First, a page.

Now You See Me: Visualising the Surveillance State
PhotoAccess, Canberra, Australia
Curated by Ashley Lumb, Assistant Curator: Kate Matthews
7 November – 14 December
Artists: Jane Brown, Lewis Bush, Aaron Claringbold, Marcus DeSieno, Eliza Hutchison, Noelle Mason, Taryn Simon, David Spriggs
Now You See Me: Visualising the Surveillance State presents the work of eight international artists, whose practice aids to expose the usually obscured mechanisms of state control through a mix of photographic, textual, sculptural and filmic approaches. Exploring the inextricability of public and private spheres, the works embody the inherent tension of a system of surveillance whose purpose is the restriction of personal freedoms to maintain a specific status quo. Its omnipresence in our lives was demonstrated in 2013 by Edward Snowden, whose leaked reports revealed – among other things – court-approved access to American’s Google and Yahoo accounts, while the Cambridge Analytica scandal in 2018 highlighted public ignorance to the socio-political manipulations of our online data.
Artists Jane Brown and Lewis Bush interrogate the history of state programmes of public surveillance. Brown’s work looks to the origins of CCTV in 1942 – then used to observe the launch of V-2 rockets in Peenemünde, Germany – while, in a sly reversal, Bush reveals the locations of Cold War numbers stations as well as their broadcasts, employing high-resolution satellite imagery and radio spectrograms.
Although the Cold War ended in 1991, the monitoring of the public by the state has only increased, with four to six million CCTV cameras active in the UK – roughly one for every eleven people. Marcus Desieno’s impressionistic photographs illustrate the fallacious notion of privacy, especially in our highly networked age. Gaining untroubled access to CCTV feeds around the globe, he photographed their isolated landscapes from his computer screen, with these images of unpopulated mountains or barren deserts evidencing the modern impossibility of escaping observation. This technology is a powerful tool of social control: thinking ourselves watched, we monitor our own behaviour.
Noelle Mason and David Spriggs present video works that, although taking different aesthetical approaches, both convey the ‘othering’ effect of imaging technologies. Mason’s high-contrast, seven-minute video I Like America cuts between grainy footage of undocumented migrants at the US/Mexico border with footage of coyotes. Moving warily through the open landscape, these animals fall silently to the ground after the cross-hairs of night vision goggles have settled on them. This human/animal juxtaposition viscerally demonstrates the dehumanising effect of surveillance aesthetics, with the camera becoming the hunter and the objects of its gaze, prey.
Two of Mason’s cyanotypes are also included: uncannily exposing the featureless silhouettes of migrants amid the bowels of cargo transportation. Spriggs’ digital video evokes a similar scenario – a group of individuals imaged inside the cross-section of a Mercedes Benz truck. Hypnotically abstract, he visualises that which only technology can make visible to the human eye. Appearing to combine thermal imaging, CT and MRI scanning technology, electric blue light outlines the truck’s geometry against a pitch-black background. Inside, molten forms shimmer red and yellow like human lava lamps. Where Mason’s work is visually stark, Spriggs’ is kaleidoscopic; but both imply how surveillance technologies shape our perception of those imaged.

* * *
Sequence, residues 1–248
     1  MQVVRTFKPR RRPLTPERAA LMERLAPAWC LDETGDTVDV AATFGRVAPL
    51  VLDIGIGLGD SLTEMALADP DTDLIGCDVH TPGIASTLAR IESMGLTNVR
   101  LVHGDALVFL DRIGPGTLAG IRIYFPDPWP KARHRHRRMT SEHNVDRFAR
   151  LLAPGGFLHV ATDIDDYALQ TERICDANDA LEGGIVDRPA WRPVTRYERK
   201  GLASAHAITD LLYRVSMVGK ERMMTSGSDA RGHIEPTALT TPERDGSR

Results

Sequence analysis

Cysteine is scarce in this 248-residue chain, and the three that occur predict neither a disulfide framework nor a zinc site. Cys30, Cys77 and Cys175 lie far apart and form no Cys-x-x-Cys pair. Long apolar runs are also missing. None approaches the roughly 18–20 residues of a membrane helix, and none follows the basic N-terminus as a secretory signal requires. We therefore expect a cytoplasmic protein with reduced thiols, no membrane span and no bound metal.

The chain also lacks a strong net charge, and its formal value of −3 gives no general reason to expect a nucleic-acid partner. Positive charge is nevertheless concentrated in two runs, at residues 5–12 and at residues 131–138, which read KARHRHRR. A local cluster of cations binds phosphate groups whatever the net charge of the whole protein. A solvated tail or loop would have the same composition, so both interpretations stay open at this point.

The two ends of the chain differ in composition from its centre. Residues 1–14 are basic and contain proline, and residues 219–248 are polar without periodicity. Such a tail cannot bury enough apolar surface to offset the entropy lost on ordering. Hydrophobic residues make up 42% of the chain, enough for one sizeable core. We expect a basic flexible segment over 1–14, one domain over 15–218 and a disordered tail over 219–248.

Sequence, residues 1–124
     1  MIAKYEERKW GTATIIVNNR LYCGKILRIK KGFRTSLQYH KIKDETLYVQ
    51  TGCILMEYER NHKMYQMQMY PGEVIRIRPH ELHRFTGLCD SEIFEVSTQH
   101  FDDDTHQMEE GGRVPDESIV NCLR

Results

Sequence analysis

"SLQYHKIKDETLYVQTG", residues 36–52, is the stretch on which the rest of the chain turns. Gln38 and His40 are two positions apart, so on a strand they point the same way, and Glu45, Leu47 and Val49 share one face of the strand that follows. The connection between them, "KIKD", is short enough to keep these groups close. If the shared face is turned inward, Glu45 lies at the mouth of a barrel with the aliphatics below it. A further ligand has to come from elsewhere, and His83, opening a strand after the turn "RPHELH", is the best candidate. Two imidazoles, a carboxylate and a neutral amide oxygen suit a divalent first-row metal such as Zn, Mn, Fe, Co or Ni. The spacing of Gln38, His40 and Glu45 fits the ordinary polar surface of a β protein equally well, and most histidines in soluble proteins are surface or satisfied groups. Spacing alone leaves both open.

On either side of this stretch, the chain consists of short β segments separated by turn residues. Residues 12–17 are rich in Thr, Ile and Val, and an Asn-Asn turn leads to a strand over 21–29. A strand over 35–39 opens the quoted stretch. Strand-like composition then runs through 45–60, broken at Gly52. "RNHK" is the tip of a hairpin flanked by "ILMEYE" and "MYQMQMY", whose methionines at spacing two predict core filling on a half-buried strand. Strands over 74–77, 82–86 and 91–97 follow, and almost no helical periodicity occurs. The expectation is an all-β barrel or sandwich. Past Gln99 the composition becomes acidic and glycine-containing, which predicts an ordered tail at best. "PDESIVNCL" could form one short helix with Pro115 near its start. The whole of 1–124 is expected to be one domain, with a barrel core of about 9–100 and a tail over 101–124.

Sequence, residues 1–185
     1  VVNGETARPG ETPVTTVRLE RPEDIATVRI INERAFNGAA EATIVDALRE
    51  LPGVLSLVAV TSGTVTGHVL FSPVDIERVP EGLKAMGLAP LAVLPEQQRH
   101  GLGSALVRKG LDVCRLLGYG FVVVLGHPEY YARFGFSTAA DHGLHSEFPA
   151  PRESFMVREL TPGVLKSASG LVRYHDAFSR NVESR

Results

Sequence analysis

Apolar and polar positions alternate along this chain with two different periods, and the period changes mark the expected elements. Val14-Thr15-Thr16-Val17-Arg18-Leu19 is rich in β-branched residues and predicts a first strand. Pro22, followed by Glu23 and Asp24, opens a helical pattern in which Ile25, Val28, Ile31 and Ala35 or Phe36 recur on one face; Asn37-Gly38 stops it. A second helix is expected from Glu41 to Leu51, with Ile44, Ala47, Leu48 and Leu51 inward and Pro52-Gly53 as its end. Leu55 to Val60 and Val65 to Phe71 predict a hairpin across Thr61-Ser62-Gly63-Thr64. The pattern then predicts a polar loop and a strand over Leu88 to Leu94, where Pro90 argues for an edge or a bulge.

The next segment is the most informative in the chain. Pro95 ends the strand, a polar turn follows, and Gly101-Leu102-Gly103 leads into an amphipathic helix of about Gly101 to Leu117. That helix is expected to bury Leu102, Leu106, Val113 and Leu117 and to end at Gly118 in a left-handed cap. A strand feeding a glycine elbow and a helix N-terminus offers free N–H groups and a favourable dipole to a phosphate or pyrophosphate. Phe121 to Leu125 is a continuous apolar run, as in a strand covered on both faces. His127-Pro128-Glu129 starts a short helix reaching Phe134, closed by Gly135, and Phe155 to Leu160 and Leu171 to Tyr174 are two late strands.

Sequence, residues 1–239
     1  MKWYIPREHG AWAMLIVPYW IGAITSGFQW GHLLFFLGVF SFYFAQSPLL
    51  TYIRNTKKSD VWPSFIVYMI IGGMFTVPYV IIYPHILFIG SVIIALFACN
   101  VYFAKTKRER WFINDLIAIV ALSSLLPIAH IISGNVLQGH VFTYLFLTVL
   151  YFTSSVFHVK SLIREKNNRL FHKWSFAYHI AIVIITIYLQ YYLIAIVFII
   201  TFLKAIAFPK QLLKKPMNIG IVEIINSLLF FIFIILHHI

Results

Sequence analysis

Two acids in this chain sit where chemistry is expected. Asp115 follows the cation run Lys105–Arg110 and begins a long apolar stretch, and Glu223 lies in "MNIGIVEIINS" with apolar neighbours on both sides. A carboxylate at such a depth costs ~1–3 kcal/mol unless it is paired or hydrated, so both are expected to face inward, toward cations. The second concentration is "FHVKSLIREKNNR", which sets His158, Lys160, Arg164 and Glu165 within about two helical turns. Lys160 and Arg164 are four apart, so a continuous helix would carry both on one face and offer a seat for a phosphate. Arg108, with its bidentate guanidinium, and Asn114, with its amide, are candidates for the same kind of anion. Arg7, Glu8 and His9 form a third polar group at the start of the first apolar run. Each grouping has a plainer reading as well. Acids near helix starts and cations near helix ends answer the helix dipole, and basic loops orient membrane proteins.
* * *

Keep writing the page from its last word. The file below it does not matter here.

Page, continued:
Taryn Simon’s photographs detail the plethora of items the US Customs and Postal Service detain daily – a collection of items from the exotic and aphrodisiac (Deer’s tongues) to the seemingly ordinary – while Eliza Hutchinson’s work emphasises psychological forms of control: her warped re-presentations of media images conveying latent perceptive distortions. A defiant counterpoint is provided by Aaron Claringbold, whose installation highlights overt instances of individual resistance to state control. His handmade lightbox supports a transparent book of images of protesters in Melbourne, cropped to focus on gestures and emotions (of hope, of fear) constitutive of protest in the public sphere.
Vividly illustrating the entanglement of the personal and the political through the singular visions of these eight photographers, Now You See Me: Visualising the Surveillance State offers a vibrant variety of work, implicitly challenging networks of obscurity and the veiled power of state control.
“He is seen, but he does not see; he is an object of information, never a subject in communication,” wrote French philosopher Michel Foucault of the Bentham Panopticon. Surveillance as a means of social control is at the heart of the photographic series A Black Crow Flew. The series conveys a sense of disquiet and speaks directly to the invention of Closed Circuit Television (CCTV) and the use of surveillance by totalitarian regimes. The title, A Black Crow Flew, references a legendary WWII radio broadcast that followed the German invasion of Czechoslovakia. When popular Czech broadcaster, František Kocourek, knew the Gestapo would censor his protests, spoke cryptically of a black crow flying over his occupied city. Kocourek was eventually arrested and died in Auschwitz-Birkenau. By looking to history the work intends to hold a mirror to contemporary society where state, corporate and mutual surveillance is all-pervasive, be it via data-mining, protection from terror or the self-censorship and groupthink that pervades social media.